Building Global and Clinical and Research Capacity –Examples of Human Resources for Health Partnerships from Rwanda and the Republic of Georgia

Sunday, 17 November 2013: 3:45 PM

Deborah Chyun, PhD, RN, FAHA, FAAN
Allison P. Squires, PhD, RN
Adam Sirois, MPH
Nok Chhun, MS, MPH
College of Nursing, New York University, New York, NY

Purpose: As part of a global network university NYUCN maintains a leadership role in identifying global projects that enhance clinical practice, as well as those aimed at developing research skills. Two recent projects exemplify how NYUCN-G meets this goal. 

Methods: NYUCN-G actively seeks projects that fit within the Colleges’ areas of expertise. Once projects are identified, NYUCN-G identifies potential PIs among faculty and assists them in proposal development and implementation. NYUCN-G was invited by Clinton Health Access Initiative to become a consortium partner in a 7-year Human Resources for Health (HRH) project aimed at building the healthcare workforce in Rwanda. NYUCN-G also successfully competed for US State Department funding to develop a Georgian Research Training Program (GRTP), in collaboration with colleagues from several Georgian Universities.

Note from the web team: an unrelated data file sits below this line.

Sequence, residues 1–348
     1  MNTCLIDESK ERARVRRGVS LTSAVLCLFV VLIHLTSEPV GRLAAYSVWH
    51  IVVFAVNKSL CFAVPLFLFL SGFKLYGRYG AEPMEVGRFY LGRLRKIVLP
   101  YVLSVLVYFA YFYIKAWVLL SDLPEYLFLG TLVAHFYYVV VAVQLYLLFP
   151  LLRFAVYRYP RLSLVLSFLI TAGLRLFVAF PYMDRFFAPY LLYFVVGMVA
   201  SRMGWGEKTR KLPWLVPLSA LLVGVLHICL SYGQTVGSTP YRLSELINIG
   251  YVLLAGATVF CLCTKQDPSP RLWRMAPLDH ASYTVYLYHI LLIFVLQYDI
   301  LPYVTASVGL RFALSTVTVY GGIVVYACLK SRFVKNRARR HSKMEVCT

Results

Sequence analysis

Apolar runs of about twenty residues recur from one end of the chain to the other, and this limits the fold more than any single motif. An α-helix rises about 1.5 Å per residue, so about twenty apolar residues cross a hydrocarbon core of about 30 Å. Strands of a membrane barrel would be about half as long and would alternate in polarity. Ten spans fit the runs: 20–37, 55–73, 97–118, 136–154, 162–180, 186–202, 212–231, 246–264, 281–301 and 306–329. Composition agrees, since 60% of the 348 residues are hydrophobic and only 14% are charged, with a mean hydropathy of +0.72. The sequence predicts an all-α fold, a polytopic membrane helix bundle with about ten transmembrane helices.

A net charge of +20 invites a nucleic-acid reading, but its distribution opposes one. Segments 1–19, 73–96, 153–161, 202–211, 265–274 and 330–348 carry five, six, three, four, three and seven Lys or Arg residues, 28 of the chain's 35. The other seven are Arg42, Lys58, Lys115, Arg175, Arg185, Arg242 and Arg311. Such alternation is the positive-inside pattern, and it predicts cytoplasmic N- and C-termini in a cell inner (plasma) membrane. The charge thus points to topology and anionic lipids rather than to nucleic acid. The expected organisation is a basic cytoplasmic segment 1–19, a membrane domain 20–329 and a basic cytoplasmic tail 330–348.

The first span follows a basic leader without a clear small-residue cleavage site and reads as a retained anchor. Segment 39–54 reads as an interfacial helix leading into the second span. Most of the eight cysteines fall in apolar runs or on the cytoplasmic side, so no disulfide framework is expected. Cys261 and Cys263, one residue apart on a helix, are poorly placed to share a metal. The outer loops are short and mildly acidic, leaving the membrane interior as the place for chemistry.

Results: NYUCN-G recruited 10 nursing faculty to serve in mentor and educator roles for the first year of the Rwanda HRH project. As faculty were deployed in a short period of time, close collaboration with Human Resources and Financial departments was necessary to facilitate placement. Ongoing communication with faculty and responsiveness to identified needs have yielded a successful start to this project. At least 3 faculty will remain for a second year. Faculty recruitment for year 2 is currently underway. In the GRTP, over a two-year time frame, 15 Georgian inter-disciplinary academics will receive training aimed at improving skills to conduct and disseminate research at the international level. In addition, 30 civil society leaders and government policy makers will be trained in evaluating research evidence. Outcomes regarding research productivity and application of evidence-based practice that focuses on meeting national healthcare goals for Georgia will be assessed. 

Conclusions: These two projects exemplify the many internal resources and external collaborations that are necessary to successfully initiate and implement clinical and research capacity building projects in developing countries.